This case is a useful reminder to practitioners of the ability to resurrect a company, particularly in circumstances where contingent claims crystallise at a much later date. As noted by the Court in this decision, where the purpose of reinstatement is litigation, all that must be demonstrated is an arguable cause of action.
However, it is important to keep in mind that where a company is reinstated, and that company was in liquidation prior to being deregistered, the ‘person aggrieved’ will ordinarily be required to fund the liquidator to pursue any potential recoveries.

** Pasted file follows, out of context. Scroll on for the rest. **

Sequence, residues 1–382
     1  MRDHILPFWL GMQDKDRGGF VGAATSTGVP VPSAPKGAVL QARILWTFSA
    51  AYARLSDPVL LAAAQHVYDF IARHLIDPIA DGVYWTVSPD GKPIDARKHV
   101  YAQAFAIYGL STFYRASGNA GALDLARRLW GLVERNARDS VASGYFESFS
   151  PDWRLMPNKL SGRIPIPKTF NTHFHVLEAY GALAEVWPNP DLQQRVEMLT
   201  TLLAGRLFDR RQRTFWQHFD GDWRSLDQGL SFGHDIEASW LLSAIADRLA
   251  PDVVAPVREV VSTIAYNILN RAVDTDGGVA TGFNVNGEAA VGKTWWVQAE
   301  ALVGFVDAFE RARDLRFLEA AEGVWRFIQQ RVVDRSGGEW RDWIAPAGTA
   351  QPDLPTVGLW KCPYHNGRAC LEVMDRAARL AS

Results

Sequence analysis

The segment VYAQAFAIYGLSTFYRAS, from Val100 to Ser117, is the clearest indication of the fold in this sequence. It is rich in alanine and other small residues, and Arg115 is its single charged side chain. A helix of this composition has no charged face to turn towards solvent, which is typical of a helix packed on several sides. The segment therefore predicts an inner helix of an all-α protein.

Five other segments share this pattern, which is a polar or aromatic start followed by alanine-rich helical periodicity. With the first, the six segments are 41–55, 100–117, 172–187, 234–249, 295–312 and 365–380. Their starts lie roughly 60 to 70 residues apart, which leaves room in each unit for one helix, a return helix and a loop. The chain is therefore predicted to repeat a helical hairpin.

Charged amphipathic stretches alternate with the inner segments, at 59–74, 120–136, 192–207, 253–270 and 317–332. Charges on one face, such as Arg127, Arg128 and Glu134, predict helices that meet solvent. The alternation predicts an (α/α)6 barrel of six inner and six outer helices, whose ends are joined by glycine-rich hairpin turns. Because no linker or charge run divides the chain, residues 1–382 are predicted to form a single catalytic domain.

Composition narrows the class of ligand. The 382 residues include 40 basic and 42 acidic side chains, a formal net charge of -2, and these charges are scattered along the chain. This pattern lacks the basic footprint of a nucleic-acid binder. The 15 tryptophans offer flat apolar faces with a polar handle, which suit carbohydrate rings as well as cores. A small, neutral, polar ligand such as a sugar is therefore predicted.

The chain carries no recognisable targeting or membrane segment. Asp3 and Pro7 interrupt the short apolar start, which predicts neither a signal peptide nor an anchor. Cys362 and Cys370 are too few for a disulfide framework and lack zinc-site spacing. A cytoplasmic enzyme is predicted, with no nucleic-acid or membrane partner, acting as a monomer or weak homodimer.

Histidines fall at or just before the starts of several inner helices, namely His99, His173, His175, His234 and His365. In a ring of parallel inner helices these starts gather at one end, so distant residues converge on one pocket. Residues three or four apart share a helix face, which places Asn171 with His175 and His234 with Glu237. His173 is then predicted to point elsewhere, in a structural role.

This publication is introductory in nature. Its content is current at the date of publication. It does not constitute legal advice and should not be relied upon as such. You should always obtain legal advice based on your specific circumstances before taking any action relating to matters covered by this publication. Some information may have been obtained from external sources, and we cannot guarantee the accuracy or currency of any such information.